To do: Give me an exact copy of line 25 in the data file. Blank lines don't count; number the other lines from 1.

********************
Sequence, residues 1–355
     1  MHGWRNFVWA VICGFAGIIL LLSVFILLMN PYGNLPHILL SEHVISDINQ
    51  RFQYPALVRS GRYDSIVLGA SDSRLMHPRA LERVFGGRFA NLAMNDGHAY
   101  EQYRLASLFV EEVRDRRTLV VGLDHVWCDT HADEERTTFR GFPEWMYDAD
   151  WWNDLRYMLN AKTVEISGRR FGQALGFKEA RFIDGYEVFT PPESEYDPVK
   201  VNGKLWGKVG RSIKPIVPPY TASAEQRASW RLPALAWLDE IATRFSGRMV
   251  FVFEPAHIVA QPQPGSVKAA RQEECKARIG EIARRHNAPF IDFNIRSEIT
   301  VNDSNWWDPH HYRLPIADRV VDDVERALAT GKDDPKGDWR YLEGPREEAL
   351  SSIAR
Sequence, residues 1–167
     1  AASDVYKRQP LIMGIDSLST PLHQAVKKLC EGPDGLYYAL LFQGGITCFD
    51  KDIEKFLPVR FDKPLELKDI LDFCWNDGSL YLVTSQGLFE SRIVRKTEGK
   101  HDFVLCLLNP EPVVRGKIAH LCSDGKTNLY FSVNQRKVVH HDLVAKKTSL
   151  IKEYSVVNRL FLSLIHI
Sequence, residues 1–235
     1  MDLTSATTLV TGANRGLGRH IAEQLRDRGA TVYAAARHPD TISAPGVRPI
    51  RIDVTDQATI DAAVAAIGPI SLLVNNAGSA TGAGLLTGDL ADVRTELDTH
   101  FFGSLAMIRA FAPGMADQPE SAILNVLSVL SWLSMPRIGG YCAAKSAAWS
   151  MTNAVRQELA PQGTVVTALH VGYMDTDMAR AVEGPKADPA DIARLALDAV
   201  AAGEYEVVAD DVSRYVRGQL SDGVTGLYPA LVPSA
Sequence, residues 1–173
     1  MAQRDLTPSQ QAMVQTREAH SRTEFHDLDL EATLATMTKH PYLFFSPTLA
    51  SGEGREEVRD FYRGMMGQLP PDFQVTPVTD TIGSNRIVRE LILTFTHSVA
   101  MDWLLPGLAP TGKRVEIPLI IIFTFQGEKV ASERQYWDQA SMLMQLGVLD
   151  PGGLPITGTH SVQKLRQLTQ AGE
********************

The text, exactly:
   151  PGGLPITGTH SVQKLRQLTQ AGE